Edited by Zak Khan || Multi-turn measuring encoders are absolute encoders that can count multiple turns. Three main technologies enable such encoder design — batteries, gearing, and self-powering setups. Batteries and gears are traditional implementations of multi-turn technology; self-powering setups are newer.
Batteries: Simple but incur replacement costs
Batteries maintain power supply even during machine shutdowns to keep track of multiple turns. In other words, power to the encoder is constant so all turns are tracked. The main caveat is that batteries wear out and require replacement and disposal. So, there’s more regular maintenance and expense.
Gears: Proven technology, but sometimes costly
Gears are mechanical devices that allow tracking of multiple turns. One train of gears fitted with feedback can mechanically describe an encoder’s unique turn count. The gear positions are tracked by optical, electric or magnetic means. Gears don’t need regular replacement, but still wear out. They can also be expensive and relatively bulky.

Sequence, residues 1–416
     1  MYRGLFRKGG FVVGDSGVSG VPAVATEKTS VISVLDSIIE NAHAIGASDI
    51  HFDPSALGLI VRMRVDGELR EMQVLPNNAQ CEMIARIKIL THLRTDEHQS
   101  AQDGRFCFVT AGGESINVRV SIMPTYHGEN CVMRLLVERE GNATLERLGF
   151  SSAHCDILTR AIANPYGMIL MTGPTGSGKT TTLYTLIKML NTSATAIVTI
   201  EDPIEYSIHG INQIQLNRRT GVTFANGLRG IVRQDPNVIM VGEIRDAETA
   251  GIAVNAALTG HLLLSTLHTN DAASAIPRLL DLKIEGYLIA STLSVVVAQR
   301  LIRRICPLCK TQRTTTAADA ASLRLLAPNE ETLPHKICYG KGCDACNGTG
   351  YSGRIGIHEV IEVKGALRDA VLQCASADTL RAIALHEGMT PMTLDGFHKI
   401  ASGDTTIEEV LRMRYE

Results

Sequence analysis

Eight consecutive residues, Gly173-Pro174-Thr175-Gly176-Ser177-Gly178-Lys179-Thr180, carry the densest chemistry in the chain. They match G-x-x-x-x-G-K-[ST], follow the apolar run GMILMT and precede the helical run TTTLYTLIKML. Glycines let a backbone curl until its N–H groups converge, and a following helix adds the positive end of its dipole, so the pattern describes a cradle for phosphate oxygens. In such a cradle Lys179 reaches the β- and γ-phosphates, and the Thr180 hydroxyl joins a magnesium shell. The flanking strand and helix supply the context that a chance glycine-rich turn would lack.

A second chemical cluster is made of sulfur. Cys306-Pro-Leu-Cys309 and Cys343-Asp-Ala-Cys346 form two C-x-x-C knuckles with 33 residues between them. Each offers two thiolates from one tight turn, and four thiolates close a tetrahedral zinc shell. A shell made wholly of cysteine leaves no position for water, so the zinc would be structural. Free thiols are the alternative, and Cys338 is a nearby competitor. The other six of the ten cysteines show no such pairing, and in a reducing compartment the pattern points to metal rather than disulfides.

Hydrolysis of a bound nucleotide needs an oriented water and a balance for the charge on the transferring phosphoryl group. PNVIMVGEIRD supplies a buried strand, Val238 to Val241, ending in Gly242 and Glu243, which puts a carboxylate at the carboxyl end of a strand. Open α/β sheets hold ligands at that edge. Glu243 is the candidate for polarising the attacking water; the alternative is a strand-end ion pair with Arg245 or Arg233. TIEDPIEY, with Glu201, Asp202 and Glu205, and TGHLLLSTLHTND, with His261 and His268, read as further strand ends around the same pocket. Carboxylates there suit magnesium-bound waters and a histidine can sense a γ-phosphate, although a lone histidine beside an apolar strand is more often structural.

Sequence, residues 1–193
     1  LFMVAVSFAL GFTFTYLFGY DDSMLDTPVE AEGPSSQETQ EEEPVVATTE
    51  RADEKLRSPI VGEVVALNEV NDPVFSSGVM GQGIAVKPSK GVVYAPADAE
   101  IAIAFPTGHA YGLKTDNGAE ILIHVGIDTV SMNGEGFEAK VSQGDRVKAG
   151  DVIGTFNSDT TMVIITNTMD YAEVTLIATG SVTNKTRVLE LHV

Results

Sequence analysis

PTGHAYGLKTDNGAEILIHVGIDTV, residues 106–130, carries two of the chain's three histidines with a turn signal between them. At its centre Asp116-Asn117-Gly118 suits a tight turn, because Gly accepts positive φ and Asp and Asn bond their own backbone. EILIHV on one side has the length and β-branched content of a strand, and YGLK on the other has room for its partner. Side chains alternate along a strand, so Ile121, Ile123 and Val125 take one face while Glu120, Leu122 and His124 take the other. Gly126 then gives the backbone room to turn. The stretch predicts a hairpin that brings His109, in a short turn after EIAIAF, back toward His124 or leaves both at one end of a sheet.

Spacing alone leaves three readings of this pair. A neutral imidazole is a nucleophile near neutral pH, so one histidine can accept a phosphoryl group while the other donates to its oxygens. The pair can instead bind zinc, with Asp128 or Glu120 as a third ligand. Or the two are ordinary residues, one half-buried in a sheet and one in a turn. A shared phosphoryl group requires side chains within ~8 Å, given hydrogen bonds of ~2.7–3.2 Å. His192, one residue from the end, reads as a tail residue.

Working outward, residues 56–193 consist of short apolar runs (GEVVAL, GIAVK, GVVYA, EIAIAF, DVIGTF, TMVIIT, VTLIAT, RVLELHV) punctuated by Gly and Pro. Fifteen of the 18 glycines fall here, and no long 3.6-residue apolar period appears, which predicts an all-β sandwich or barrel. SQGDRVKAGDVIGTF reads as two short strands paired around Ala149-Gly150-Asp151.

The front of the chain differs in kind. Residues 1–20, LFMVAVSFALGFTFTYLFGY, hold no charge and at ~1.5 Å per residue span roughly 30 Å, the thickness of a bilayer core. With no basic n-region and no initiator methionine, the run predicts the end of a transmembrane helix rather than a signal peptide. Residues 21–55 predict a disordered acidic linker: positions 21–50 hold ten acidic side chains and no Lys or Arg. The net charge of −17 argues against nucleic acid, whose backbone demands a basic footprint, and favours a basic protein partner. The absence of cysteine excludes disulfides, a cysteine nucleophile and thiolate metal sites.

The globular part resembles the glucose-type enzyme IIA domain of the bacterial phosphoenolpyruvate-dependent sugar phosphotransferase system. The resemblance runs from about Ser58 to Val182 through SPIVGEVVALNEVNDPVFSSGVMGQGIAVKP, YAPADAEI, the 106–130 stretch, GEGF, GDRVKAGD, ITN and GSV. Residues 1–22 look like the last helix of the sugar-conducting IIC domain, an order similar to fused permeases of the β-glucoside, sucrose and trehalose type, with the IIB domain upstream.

Self-powering: No wear but less tested
Self-powering multi-turn encoders use the Wiegand effect. The Wiegand effect occurs in specialty wire engineered with an alloy called Vicalloy.
During manufacture, a machine repeatedly twists the wire until it exhibits quantum magnetic properties. When a magnet comes near a Wiegand wire, it rapidly switches its magnetic polarization. Because the switching is so fast, it produces usable voltage.
Wiegand-effect multi-turn encoders harness this voltage and require no outside voltage from batteries or gearheads. Rather, they supply their own power to keep track of multiple turns.
This greatly increases longevity and reduces maintenance and upkeep expenses. The Wiegand wire was patented and as such had royalties associated with it. Now that the patent has expired, however, it is seeing increasing usage in encoders.
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